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Sue Basko/LA Times autism comments

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Attorney Claims Autism Parents Are Just In It for the SSI Gravytrain

Update Wednesay December 14 2010 12:29 pm The person quoted below is now claiming I "made up" the comment she once posted to the LA Times and the comments on her Facebook page. I've added a screenshot of her LA Times comment to verify that she indeed posted the comment, and screenshots of the comments on her Facebook page. For the record, I have never telephoned this woman or left voice messages for this woman, anyone in her office, or any family member she may have. The sole extent of my contact with her was to include her twitter handle in several tweets, which I have captured and posted at the bottom of this post. That's it -- a few tweets.

The Los Angeles Times is running a series on autism by Alan Zarembo. The first piece ran Sunday (12/11/2011), and had the following deck:


Autism boom: an epidemic of disease or of discovery?

Autism rates have increased twentyfold in a generation, stirring parents' deepest fears and prompting a search for answers. But what if the upsurge is not what it appears to be?

This introductory piece discussed the history of autism and gave the background on the rise in incidence. Some parts of the article were very well done...others troubling. I'll be writing more about the series; links to the pieces published to date are at the bottom.

In the comments a woman who is a Los Angeles-area entertainment attorney announced than in her view, parents are seeking autism diagnoses for their children so that they can make a living from the generous Supplementary Security Income (SSI) paid to disabled children.

No, I am not kidding. Here's the text:

Many parents today want a diagnosis of autism spectrum for their child, not only because there is a great deal of funding allocated for services for those children, as the news article explains, but also because this qualifies the child or family to collect a good SSI payment each month. If a family can get a few kids diagnosed with such things, the family can live off the payments. This was caused because welfare payments are so low, welfare is so hard to get, and intact families with both parents present do not qualify for welfare.

The real story would be to check out what percentage of families with child with an autism diagnose are collecting SSI. That is where you will find the real secret behind this "epidemic." Also, school districts that will receive extra funding for each child with autism will be far more likely to make such a diagnosis.

When I was a kid, there were kids who kept track of details, counted things, paid little attention to others, and seemed socially awkward. There were called future accountants.

I realize there are actual cases of autism, which seems to be a form of retardation. A lot of this spectrum stuff, I think, is based on wanting to collect available funds, without regard for the fact it stigmatizes the children for life to have such a diagnosis.

Anyone who writes a scathing reply should reveal if their family is collecting SSI or if they or their school is in any way collecting funds based on autism.

12/14/2011: Below, a screenshot of the comment, captured Monday morning. Click to see full size:

Sue Basco autism1.jpg

Sunday, I was quite vexed reading this--it's the welfare queen with a Cadillac, autism edition, plus intense ignorance about autism--but decided to let it go. Then today, Sullivan wrote about the same comment at LeftBrain/RightBrain: Ignorance adds to Stigma Again, making the point that the rise in diagnoses is among the well-to-do, not the poor.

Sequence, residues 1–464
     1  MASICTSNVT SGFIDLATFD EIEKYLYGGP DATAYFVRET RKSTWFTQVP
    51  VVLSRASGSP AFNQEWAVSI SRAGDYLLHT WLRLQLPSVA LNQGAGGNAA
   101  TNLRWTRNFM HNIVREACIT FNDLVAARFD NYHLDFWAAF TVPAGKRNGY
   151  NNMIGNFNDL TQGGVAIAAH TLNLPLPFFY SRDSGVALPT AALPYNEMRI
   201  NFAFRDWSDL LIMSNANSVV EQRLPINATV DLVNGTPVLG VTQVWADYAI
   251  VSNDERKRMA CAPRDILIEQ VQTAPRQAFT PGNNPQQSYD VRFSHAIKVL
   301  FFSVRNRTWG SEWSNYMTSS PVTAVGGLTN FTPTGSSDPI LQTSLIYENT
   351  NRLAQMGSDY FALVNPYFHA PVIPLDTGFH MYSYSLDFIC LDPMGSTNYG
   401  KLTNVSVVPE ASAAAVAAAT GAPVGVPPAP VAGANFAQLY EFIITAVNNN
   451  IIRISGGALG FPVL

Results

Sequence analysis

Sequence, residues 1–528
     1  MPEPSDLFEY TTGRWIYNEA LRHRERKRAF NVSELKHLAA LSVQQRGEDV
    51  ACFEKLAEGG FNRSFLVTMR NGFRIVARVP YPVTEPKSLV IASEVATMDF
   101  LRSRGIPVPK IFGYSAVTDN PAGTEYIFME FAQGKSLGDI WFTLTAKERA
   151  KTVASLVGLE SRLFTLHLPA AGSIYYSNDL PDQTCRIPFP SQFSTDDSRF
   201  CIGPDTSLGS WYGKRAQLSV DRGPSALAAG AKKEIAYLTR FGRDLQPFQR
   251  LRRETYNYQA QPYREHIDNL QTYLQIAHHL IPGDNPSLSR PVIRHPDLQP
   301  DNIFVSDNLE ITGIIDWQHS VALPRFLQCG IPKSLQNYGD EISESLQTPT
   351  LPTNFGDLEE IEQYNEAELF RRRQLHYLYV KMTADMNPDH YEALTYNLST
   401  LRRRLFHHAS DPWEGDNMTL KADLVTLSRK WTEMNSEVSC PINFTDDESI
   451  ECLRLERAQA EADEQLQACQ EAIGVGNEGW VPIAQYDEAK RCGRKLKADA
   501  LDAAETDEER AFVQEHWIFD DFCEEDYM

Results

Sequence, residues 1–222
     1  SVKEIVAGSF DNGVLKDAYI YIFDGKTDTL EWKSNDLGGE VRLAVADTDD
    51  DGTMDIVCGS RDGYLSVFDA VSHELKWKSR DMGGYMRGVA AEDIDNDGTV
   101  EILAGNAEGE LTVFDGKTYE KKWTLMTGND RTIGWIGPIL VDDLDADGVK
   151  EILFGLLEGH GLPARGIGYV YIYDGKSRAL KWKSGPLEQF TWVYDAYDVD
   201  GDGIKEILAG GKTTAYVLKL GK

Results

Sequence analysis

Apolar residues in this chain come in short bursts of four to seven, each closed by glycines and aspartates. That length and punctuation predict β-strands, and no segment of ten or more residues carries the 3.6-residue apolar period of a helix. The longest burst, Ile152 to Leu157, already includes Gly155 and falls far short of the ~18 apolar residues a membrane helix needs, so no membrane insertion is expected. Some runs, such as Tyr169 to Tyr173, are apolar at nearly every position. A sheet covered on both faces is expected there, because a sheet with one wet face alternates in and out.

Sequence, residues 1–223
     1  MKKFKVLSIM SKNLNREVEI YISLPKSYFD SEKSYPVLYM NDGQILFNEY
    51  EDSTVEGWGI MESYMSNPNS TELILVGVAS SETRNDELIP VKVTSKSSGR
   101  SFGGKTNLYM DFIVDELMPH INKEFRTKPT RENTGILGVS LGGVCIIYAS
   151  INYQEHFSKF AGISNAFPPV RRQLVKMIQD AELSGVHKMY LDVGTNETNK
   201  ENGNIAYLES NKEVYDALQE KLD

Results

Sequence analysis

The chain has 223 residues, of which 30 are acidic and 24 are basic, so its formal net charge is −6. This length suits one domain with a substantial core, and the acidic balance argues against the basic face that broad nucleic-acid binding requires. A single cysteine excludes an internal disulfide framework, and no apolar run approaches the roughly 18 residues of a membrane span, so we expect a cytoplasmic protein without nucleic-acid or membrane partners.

So I decided that I'd leave the "music and film attorney" a kind but firm comment at her Facebook page, rather than in the LA Times comment page.

just checked my messages and had a message from a woman with a fake name, with a "husband" with a fake name (Edgar Cayce, lol) bullying me about a Comment I wrote after a news article online. I am open to peoples' ideas, but if you want to bully me from expressing mine, get lost.

I have no idea if the caller was using a fake name or not, or was "bullying". I think not, given that the caller (not the attorney) was weeping.

The entertainment attorney went on to write:

lol. She said she cried when she read what I wrote and told me to get educated. I told her to go get herself educated, even read the news article.


No, seriously, this is a topic that NEEDs to be addressed.


Really, people are so afraid to speak reality because they might be bullied by people like this lady who messaged me.

The other comments to this attorney were of the "attorney lady you were right" and "the weeping woman needs to get a life" variety. Sigh. Guess none of the commenters have ever had a child with a disability, or had to fight to get basic needs met.

Here are 3 consecutive screenshots of the woman's now-deleted Facebook comments, captured Monday.

Sue Basco autism2.jpg
Sue Basco autism3.jpg
Sue Basco autism4.jpg

So I left a comment (well, two, but the first was truncated. Danged Facebook).

Hi Sue. I read your comment yesterday at the LA times piece on autism, and was quite struck by your naiveté about autism.

To begin with, the word "retardation" isn't used any more. The Arc, the largest national advocacy organization, .... [then hit return which posted comment #1. Started over]

First of all: I am not autistic, I do not have a child with autism, and I certainly have not applied for SSI for said non-existent child. Yes the school district in which I live educates children with autism, but since it's a poor and struggling district any marginal payment hardly makes up for the marginal cost of educating said children. I am however, and autism ally an advocate, and a co-founder and editor of The Thinking Person's Guide to Autism (TPGA). Our webpage is here:

and our Facebook page is here:

Second, it is too bad you got a pseudonymous message. However, as I said, your comment revealed an immense amount of ignorance about autism.